The Chessmen of Mars

By Edgar Rice Burroughs

Page 47

and brain. If
he is hurt, I would suffer if I remained connected with him; but the
instant one of them is injured or becomes sick we desert it for
another. As we would suffer the pains of their physical injuries,
similarly do we enjoy the physical pleasures of the rykors. When your
body becomes fatigued you are comparatively useless; it is sick, you
are sick; if it is killed, you die. You are the slave of a mass of
stupid flesh and bone and blood. There is nothing more wonderful about
your carcass than there is about the carcass of a banth. It is only
your brain that makes you superior to the banth, but your brain is
bound by the limitations of your body. Not so, ours. With us brain is
everything. Ninety per centum of our volume is brain. We have only the
simplest of vital organs and they are very small for they do not have
to assist in the support of a complicated system of nerves, muscles,
flesh and bone. We have no lungs, for we do not require air. Far below
the levels to which we can take the rykors is a vast network of burrows
where the real life of the kaldane is lived. There the air-breathing
rykor would perish as you would perish. There we have stored vast
quantities of food in hermetically sealed chambers. It will last
forever. Far beneath the surface is water that will flow for countless
ages after the surface water is exhausted. We are preparing for the
time we know must come--the time when the last vestige of the
Barsoomian atmosphere is spent--when the waters and the food are gone.
For this purpose were we created, that there might not perish from the
planet Nature's divinest creation--the perfect brain."

"But what purpose can you serve when that time comes?" asked the girl.

"You do not understand," he said. "It is too big for you to grasp, but
I will try to explain it. Barsoom, the moons, the sun, the stars, were
created for a single purpose. From the beginning of time Nature has
labored arduously toward the consummation of this purpose. At the very
beginning things existed with life, but with no brain. Gradually
rudimentary nervous systems and minute brains evolved. Evolution
proceeded. The brains became larger and more powerful. In us you see
the highest development; but there are those of us who believe that
there is yet another step--that some time in the far future our race
shall develop into the super-thing--just brain. The incubus of legs and
chelae and vital

Last Page Next Page

Text Comparison with At the Earth's Core

Page 1
of the desert--I was the only "white" man.
Page 2
We passed through the doors into the outer jacket, secured them, and then passing on into the cabin, which contained the controlling mechanism within the inner tube, switched on the electric lights.
Page 3
As I finally found the tiny needle in the dim light I translated Perry's evident excitement, and my heart sank within me.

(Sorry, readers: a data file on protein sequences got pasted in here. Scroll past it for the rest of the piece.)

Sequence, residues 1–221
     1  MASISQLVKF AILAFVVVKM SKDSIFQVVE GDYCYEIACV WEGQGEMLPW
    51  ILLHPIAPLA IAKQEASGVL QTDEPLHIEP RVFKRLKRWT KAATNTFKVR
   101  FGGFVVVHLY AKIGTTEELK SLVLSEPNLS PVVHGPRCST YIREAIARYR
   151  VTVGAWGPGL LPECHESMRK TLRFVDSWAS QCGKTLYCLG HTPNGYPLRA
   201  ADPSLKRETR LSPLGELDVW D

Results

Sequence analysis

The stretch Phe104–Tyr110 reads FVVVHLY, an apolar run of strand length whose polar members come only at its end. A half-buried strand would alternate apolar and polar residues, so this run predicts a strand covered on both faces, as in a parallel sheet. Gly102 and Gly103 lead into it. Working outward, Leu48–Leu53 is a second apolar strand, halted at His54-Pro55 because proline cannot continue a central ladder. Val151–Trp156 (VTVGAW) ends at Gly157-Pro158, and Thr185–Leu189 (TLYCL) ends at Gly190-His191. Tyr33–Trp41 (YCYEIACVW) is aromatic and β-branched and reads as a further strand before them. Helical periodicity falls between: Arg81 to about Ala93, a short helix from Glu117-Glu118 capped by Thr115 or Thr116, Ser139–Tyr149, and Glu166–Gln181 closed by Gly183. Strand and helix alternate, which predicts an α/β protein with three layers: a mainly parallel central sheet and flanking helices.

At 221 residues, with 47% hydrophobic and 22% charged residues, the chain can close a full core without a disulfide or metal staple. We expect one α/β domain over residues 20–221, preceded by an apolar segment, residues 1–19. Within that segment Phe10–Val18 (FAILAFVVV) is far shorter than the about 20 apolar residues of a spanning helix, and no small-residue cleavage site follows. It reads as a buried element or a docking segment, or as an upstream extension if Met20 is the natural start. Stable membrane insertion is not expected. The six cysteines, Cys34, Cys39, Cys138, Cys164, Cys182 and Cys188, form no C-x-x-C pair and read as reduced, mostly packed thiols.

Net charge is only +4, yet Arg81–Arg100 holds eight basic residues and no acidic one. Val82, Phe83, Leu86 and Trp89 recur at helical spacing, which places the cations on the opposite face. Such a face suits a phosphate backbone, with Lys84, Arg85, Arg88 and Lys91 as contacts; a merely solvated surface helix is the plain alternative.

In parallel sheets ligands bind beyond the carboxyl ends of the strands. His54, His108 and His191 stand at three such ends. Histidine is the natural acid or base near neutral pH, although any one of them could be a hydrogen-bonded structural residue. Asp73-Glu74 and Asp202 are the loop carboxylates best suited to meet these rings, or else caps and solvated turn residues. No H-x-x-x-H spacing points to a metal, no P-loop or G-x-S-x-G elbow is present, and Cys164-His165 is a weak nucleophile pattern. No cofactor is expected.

Page 20
"Quite low in the scale of creation," commented Perry.
Page 27
I had forgotten what little geology I had studied at school--about all that remained was an impression of horror that the illustrations of restored prehistoric monsters had made upon me, and a well-defined belief that any man with a pig's shank and a vivid imagination could "restore" most any sort of paleolithic monster he saw fit, and take rank as a first class paleontologist.
Page 36
Hastening back to Perry where he pored over a musty pile of, to me, meaningless hieroglyphics, I explained my plan to him.
Page 42
But for Perry and Ghak I should have leaped to the floor of the arena and shared whatever fate lay in store for this priceless treasure of the Stone Age.
Page 45
But then the only aspect which attracted me was the distant hills in which I hoped to find sanctuary, and so I hastened on, trampling the myriad beauties beneath my hurrying feet.
Page 52
Page 54
Come," and he led me across the clearing and about the end to a pile of loose rock which lay against the foot of the wall.
Page 58
My hands were resting upon a small piece of granite which formed a part of the wall,.
Page 62
Curiosity prompted me.
Page 67
"You saved my life," he replied; "from that moment it became my duty to protect and befriend you.
Page 73
the fellow at my right.
Page 81
The pain I suffered was intense, but it only served to spur me to greater efforts to overcome my antagonist.
Page 94
Quickly I fitted an arrow now that I might be ready at the next attack, and as I did so I looked down at the girl, so that I surprised her in a surreptitious glance which she was stealing at me; but immediately, she again covered her face with her hands.
Page 95
"What are you doing here?" I asked, "and what has happened to you since Hooja freed you from the Sagoths?" At first I thought that she was going to ignore me entirely, but finally she thought better of it.
Page 99
It happened on the occasion of his fourth charge, when, instead of striking at me with his knife, he dropped that weapon, and seizing my sword blade in both his hands wrenched the weapon from my grasp as easily as from a babe.
Page 105
How much easier it would have been to have gone to Jubal in the first place! She would.
Page 116
My first disappointment was when I discovered that my old guide had died within a few weeks of my return, nor could I find any member of my former party who could lead me to the same spot.